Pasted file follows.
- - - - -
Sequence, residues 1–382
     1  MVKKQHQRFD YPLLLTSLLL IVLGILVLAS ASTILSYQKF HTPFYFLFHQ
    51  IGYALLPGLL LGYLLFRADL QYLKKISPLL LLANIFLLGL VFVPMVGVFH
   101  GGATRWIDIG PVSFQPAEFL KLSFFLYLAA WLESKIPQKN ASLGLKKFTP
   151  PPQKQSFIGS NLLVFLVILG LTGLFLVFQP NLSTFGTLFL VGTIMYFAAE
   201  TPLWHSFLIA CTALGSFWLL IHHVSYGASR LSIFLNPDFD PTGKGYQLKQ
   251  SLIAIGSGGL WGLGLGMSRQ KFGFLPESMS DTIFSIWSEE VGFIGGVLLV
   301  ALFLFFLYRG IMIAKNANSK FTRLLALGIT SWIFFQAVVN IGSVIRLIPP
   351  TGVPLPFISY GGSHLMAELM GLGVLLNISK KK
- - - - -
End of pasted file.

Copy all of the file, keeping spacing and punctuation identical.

Sequence, residues 1–382
     1  MVKKQHQRFD YPLLLTSLLL IVLGILVLAS ASTILSYQKF HTPFYFLFHQ
    51  IGYALLPGLL LGYLLFRADL QYLKKISPLL LLANIFLLGL VFVPMVGVFH
   101  GGATRWIDIG PVSFQPAEFL KLSFFLYLAA WLESKIPQKN ASLGLKKFTP
   151  PPQKQSFIGS NLLVFLVILG LTGLFLVFQP NLSTFGTLFL VGTIMYFAAE
   201  TPLWHSFLIA CTALGSFWLL IHHVSYGASR LSIFLNPDFD PTGKGYQLKQ
   251  SLIAIGSGGL WGLGLGMSRQ KFGFLPESMS DTIFSIWSEE VGFIGGVLLV
   301  ALFLFFLYRG IMIAKNANSK FTRLLALGIT SWIFFQAVVN IGSVIRLIPP
   351  TGVPLPFISY GGSHLMAELM GLGVLLNISK KK